US actress Juliette Lewis told a masterclass at Turkey’s Antalya International Film Festival on Sunday that she had never been subject to sexual predatory behaviour during her career, joking she was too scary.
Lewis had told press agents that the topic of the disgraced film mogul Harvey Weinstein and the resulting backlash against a culture of sexual predatory behaviour in Hollywood was off-limits.
But she agreed to answer a question on the issue during a public Q&A at the end of the masterclass, when asked by a local journalist whether she had ever been the victim of such behaviour.
“No, the good news is I scared everyone. Even at 15 people thought I might blow their head off. That’s a good power to have,” quipped the Natural Born Killers star, adding: “I’m kidding.”
“I think in any field it’s nice when things get revealed and people can stop oppressing other people. So, it’s important in any line of work that people get found out for their crimes,” she added on a more serious note.
Lewis, who is an honorary guest of the Antalya, was presented with the keys to the city on Turkey’s Mediterranean Riviera at the opening night ceremony on Saturday.
In a masterclass on Sunday afternoon, Lewis discussed a number of career highlights kicking-off with her big break opposite Robert De Niro in Martin Scorsese’s Cape Fear.
She recalled how the both the media and spectators assumed at the time of the film’s release that Scorsese had discovered in her a girl who corresponded to her character of Danielle Bowden, the at once innocent and provocative teenager who falls under the charm of serial rapist Max Cody.
“I was 18 when I did Cape Fear, playing a 14-year-old, and so many people thought that Scorsese had just found me and that I really was that girl but I wasn’t,” said Lewis.
“I auditioned for it. That character is based on a young girl I met in a park who was holding a kitten. When I play a character, I like to get inspiration from my environment… she had these bangs and looked like she had a secret. She was a huge inspiration for this role,” continued Lewis, giving an insight into her methodology as an actress.
Lewis talked warmly of the influence her father, the late, respected character actor Geoffrey Lewis, had had on her decision to become an actress.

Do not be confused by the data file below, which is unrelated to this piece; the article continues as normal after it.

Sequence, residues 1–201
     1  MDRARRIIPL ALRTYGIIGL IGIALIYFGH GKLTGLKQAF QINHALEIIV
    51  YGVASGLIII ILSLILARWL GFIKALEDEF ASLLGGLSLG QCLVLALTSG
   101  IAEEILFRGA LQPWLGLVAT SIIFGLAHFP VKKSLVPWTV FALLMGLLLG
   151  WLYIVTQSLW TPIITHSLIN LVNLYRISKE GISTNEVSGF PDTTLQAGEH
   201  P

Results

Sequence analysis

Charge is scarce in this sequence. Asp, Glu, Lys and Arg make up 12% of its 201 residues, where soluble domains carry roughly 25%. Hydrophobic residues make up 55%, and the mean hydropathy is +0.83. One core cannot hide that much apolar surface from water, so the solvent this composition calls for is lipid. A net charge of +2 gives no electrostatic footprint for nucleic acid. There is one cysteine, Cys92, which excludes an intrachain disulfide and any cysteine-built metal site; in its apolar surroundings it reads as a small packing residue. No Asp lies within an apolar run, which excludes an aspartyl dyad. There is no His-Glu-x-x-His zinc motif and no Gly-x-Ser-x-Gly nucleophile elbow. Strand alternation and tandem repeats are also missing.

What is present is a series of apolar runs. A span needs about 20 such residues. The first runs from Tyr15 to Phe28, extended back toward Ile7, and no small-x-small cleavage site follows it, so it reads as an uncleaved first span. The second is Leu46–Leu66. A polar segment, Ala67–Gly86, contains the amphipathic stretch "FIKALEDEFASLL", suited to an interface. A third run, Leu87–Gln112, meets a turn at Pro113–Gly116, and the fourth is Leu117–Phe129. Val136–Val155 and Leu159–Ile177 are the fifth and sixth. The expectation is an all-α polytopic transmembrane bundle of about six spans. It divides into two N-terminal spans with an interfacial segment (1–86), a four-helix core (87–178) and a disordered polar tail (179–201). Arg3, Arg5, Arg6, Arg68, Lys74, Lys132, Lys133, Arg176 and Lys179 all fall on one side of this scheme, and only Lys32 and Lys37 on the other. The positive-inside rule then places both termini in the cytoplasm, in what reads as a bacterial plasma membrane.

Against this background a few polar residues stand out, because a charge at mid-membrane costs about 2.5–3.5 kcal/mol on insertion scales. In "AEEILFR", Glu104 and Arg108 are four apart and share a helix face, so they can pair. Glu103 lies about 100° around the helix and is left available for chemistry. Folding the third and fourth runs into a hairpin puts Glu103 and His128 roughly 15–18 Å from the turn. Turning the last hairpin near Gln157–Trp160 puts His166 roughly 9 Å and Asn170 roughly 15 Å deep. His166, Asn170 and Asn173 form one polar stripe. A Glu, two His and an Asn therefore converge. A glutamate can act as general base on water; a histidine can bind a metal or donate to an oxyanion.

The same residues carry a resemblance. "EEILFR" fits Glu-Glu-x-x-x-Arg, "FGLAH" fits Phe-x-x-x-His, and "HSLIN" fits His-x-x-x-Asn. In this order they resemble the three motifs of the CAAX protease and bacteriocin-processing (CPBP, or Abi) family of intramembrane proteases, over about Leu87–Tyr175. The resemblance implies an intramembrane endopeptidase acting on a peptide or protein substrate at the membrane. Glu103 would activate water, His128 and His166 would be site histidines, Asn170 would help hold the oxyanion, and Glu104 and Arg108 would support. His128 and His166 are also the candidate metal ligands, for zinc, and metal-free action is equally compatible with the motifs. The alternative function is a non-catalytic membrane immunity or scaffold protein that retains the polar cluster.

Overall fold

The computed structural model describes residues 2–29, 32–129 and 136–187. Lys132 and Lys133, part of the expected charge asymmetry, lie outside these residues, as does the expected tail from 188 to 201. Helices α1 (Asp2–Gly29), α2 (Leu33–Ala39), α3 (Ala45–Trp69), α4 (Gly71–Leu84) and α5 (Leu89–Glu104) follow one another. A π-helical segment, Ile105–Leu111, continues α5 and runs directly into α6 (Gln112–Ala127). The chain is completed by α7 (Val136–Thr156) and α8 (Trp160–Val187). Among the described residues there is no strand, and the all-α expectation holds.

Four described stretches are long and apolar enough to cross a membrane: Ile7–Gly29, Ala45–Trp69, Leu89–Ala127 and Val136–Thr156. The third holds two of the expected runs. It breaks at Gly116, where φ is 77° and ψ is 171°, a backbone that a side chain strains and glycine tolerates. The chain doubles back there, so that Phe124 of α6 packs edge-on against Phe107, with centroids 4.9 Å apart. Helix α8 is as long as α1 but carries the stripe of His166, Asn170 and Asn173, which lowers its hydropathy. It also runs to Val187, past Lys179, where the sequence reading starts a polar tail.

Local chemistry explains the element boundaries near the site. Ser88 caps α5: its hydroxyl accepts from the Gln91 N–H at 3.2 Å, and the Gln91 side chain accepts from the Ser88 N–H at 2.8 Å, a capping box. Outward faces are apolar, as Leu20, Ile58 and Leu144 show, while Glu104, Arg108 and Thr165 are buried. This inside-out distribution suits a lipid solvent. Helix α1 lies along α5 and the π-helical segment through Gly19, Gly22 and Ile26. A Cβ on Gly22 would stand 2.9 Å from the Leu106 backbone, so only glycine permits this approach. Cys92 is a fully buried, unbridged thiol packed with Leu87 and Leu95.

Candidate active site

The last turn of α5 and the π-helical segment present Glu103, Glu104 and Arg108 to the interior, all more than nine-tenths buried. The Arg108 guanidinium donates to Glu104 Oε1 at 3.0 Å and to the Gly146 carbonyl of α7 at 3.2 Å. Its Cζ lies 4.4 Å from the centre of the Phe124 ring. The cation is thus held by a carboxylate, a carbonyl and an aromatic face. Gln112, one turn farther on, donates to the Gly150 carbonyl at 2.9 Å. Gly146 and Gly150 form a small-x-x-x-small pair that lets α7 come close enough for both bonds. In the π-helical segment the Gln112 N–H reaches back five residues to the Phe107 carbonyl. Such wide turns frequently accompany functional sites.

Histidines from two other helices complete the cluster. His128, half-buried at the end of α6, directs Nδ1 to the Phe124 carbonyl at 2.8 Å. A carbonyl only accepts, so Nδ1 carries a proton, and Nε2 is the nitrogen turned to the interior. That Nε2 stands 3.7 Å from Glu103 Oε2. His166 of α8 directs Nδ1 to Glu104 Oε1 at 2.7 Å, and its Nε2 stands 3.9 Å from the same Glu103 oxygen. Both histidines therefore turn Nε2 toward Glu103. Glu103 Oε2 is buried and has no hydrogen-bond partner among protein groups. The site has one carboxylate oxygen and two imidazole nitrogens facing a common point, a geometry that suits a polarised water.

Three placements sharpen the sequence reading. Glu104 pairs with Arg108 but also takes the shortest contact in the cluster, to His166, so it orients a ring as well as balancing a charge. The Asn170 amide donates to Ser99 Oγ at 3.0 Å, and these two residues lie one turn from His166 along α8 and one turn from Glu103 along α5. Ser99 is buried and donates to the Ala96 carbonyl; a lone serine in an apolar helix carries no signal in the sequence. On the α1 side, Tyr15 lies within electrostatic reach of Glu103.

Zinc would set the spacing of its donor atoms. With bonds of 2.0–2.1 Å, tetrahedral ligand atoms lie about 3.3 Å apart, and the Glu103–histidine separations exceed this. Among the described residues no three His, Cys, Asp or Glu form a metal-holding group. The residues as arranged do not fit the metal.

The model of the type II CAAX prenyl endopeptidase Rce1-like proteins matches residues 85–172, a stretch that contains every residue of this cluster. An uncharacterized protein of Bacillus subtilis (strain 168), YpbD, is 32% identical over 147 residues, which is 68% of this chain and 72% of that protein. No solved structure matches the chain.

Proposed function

“My dad wasn’t a man of a lot of advice, but he would encourage whatever his kids were interested in so for instance I liked music. I saw the movie Flashdance, or Fame, and I wanted to sing and dance so he signed me up for classes,” she recalled.
“What’s funny is that when I was 15 my dad gave me a book of the worst female killers in history and now looking back was this a prophecy because I then went on to play in Natural Born Killers. But I think he was like, if you do anything you better be the baddest and the best.”
Lewis said she had always sought variety in her career and had even taken time out at the height of her early fame in the 1990s to figure out what she wanted to do artistically.
“I got successful when I was very young, I took time off, because I never wanted to feel like I was being controlled by a system or ideas of how one should be so I took time to explore as an artist what it is I want to say and do. And then I got into music later because I thought I should be braver with that. I had always wanted to write and sing so finally at age 30, I got it together to form a band,” she said, referring to her band Juliette And The Licks.
Speaking about more recent big screen credits, Lewis referred to the dysfunctional family drama August: Osage County as one of her favourite productions of recent years in which she co-starred as the delusional character of Karen alongside Meryl Streep and Julia Roberts as her sisters.
“it was one of those moments, I read the script and it was so beautiful. Tracy Letts is the writer. He’s our generation’s Tennessee Williams,” said Lewis. “The character that I play, she was so filled with denial. I just love characters that are not like myself. I understand the heart and soul of the people I’m playing. The way it was written and the dialogue – it was so top notch. It was highly unusual you get something that strong.”
The Antalya International Film Festival runs until Sept. 27.